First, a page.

*spoiler alert* But, the analysis is fascinating.

Okay, now I know that the preceding paragraph describes what should be a brilliant horror film, but the problem lies in the greatly flawed poor storytelling, development, and realization. Lack of connection to any one of the characters is also partly responsible for the lackluster experience of watching this horror-thriller with a hint of mystery and dystopia. The only saving grace the film has is the connection to elements of Poe’s Masque of Red Death. For starters, the camera draws the audience’s (and diegetic POV) attention to a painting of a depiction of the bubonic plague (or black death). At first, I was puzzled as to why this painting. Then as I go through the movie, I realize why. Between the constant reference to and runtime spent on talking about and showing the red door, it hit me that this film reimagined Poe’s short story and set it in a dystopian or post-apocalyptic time and place. If you are unfamiliar with The Masque of Red Death, then I encourage you to read it or watch it on YouTube. It is allegory on the inevitability of death no matter how  hard you protect yourself, how much money you have, or how powerful you are. It also contains allusions to the seven deadly sins and the fate of those who party in the wake of mass death among a lower class of people. Although I find the short short to be a stronger narrative than Shults’ variation on this reimagination of the classic tale.

Both the short story and this film contain people hiding out in a fortress. Whereas The Masque of Red Death‘s Prince Prospero is held up ins abbey with his wealthy and noble friends while the red death is killing off the rest of the kingdom, A24’s It Comes at Night features a typical American family living off the land and secured in their rather tutor-looking mountain lodge. Like in Red Death, the family in It Comes receives an uninvited guest one night. Here’s where we see some difference. In Poe’s story, the guest is dressed to attend the masquerade ball and in this film, the guest attempts to break into the home. Although both stories take different approaches to the second act, once thing is in common. And that is the taking in of an outsider. All through the second act, there are hints at something not being right–a constant uneasiness. That apprehension and anxiety regarding the unknown works in the respective stories favors. The emotional impact and psychological payoff differs between the short story and film. Yes, the endings are very similar but feel incredibly different. You’ll just have to read The Masque of Red Death and watch It Comes at Night to know for yourself.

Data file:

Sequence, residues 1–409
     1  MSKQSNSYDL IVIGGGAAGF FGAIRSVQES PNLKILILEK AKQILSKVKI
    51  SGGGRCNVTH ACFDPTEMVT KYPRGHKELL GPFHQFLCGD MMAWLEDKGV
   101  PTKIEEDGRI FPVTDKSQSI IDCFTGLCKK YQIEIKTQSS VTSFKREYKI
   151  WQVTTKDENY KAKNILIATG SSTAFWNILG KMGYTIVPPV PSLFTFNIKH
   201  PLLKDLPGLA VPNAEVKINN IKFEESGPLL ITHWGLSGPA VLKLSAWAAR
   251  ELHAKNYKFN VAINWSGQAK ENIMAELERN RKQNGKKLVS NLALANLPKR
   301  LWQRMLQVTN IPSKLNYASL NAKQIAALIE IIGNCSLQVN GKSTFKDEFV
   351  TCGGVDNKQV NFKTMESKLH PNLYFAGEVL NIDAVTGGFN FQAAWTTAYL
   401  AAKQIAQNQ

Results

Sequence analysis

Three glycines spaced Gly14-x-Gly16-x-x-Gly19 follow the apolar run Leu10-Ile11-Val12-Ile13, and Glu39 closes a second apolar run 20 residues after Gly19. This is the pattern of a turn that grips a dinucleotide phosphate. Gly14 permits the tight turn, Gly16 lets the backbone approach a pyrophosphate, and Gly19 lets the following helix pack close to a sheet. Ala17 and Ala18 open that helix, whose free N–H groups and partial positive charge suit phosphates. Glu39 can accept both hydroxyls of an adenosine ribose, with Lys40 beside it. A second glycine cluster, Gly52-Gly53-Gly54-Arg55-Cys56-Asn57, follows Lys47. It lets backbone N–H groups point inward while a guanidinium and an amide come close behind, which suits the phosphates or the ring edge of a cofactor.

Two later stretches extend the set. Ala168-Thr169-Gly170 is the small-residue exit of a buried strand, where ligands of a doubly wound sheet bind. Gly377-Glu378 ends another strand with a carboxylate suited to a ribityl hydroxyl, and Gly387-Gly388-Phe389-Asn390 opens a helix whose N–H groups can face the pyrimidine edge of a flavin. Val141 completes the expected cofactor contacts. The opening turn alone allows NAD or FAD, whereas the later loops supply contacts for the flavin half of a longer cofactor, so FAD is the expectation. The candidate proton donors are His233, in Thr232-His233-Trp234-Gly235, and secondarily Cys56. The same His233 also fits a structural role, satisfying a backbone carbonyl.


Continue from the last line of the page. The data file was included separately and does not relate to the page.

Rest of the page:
If you’re searching for a thriller to watch this weekend, as it is rain in many parts of the country, then perhaps you should watch Universal Pictures’ The Mummy instead. However, if you are curious about how well It Comes at Night parallels Poe’s short story, this definitely check it out. Not entirely sure why it’s rated R, but in case that’s important to you. To quote Dr. Ian Malcolm, “well, there it is.”